Patent Foramen Ovale

         Basic Facts

  • A patent foramen ovale (PFO) is a small opening between the two upper chambers of the heart, the right and the left atrium. 
  • PFO is present in about 25 percent of adults, but requires treatment only in certain circumstances. 
  • Although it rarely causes symptoms, PFO can lead to a heart attack or stroke by allowing blood clots to enter the bloodstream and lodge in a coronary artery or an artery in the brain.
  • Treatments for PFO that causes symptoms focus on prescribing anticlotting drugs or on sealing the opening.
Before birth, blood passes directly from the right side of the heart to the left, bypassing the lungs. Because of pressure changes at birth when the lungs begin to function, a wall is created between the upper chambers (atria) of the heart. That “wall” is called the inter-atrial septum. It consists of two “flaps,” which connect in the middle.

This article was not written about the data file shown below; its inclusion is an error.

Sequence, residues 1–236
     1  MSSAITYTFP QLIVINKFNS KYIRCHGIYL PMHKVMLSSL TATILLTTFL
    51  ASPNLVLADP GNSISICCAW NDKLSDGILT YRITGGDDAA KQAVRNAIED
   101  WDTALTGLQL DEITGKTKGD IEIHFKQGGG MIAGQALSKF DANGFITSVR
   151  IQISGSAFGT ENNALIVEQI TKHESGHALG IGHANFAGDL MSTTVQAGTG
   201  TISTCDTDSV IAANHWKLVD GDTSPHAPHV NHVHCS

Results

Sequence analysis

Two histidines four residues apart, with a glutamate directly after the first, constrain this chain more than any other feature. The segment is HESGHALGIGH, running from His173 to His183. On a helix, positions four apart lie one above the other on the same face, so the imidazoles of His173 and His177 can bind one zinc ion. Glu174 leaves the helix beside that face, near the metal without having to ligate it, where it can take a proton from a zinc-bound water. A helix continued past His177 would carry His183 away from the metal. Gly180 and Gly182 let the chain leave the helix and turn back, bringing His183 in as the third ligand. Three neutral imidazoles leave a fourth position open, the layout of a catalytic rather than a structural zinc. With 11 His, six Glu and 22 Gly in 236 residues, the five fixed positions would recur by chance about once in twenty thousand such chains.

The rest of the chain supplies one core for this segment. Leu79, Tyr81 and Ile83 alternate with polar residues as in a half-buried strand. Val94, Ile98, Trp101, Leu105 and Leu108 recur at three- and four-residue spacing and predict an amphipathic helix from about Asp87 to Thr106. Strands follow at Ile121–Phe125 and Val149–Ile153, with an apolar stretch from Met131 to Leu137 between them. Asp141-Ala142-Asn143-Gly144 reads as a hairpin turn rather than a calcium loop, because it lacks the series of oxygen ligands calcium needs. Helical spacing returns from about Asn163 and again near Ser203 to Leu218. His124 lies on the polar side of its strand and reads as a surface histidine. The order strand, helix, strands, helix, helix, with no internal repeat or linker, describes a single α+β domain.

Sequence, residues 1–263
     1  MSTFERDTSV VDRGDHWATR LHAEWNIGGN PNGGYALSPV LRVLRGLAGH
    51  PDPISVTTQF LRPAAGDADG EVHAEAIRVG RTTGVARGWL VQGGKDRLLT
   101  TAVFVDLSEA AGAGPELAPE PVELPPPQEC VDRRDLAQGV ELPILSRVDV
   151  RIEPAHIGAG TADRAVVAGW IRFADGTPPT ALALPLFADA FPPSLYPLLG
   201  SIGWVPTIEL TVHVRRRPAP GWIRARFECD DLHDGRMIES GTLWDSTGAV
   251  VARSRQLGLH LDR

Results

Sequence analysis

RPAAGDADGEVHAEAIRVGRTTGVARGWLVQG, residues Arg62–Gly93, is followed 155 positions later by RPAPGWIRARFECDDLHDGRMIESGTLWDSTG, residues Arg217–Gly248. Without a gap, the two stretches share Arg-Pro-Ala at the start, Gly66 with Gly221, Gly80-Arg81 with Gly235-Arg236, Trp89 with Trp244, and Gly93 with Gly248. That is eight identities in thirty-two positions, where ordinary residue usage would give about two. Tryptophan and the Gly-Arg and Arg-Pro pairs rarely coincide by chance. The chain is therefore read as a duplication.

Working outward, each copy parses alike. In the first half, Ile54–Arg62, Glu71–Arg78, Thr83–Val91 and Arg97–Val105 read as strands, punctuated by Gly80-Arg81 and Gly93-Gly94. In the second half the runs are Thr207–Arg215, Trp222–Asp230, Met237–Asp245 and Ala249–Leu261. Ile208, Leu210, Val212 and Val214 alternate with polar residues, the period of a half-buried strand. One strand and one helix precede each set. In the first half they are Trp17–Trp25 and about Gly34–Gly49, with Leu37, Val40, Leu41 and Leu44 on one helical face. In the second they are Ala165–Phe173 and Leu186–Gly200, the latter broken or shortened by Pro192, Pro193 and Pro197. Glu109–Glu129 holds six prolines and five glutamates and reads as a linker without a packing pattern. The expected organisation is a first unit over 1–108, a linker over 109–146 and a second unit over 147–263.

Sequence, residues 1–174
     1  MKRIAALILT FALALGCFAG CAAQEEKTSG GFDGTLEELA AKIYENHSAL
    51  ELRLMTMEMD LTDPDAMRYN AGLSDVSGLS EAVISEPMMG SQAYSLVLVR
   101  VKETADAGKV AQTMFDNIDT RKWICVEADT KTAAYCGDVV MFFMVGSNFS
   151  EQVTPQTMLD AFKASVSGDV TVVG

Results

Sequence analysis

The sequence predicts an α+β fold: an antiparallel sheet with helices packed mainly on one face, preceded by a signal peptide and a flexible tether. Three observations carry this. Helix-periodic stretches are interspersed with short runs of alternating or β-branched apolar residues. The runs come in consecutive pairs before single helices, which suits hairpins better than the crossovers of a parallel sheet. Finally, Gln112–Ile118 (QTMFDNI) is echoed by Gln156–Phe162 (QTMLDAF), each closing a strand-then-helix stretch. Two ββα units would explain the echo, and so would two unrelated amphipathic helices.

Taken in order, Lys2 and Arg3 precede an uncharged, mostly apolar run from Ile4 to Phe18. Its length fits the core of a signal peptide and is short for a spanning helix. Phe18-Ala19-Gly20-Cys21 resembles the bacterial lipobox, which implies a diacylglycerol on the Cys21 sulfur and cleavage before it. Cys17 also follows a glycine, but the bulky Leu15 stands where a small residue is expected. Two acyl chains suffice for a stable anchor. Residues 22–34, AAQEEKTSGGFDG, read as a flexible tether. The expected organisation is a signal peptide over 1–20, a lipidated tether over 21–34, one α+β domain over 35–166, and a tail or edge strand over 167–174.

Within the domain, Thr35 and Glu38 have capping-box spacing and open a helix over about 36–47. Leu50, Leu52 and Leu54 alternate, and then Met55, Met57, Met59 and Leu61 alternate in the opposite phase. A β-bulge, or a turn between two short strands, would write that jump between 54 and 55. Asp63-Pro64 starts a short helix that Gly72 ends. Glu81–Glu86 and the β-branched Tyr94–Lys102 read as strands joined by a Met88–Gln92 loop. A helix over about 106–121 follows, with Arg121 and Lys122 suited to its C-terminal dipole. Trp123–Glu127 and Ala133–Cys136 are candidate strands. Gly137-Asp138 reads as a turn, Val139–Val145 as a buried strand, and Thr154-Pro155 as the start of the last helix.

In most adults, those two flaps are fused together and there is no way for blood (or blood clots) to cross. In PFO, the flap persists, allowing blood (and sometimes even blood clots) to pass through. 

PFO typically only requires treatment if the patient is suspected of having a traveling blood clot called a paradoxical embolism. Treatment ranges from medications to surgical procedures.

Patent Foramen Ovale FAQ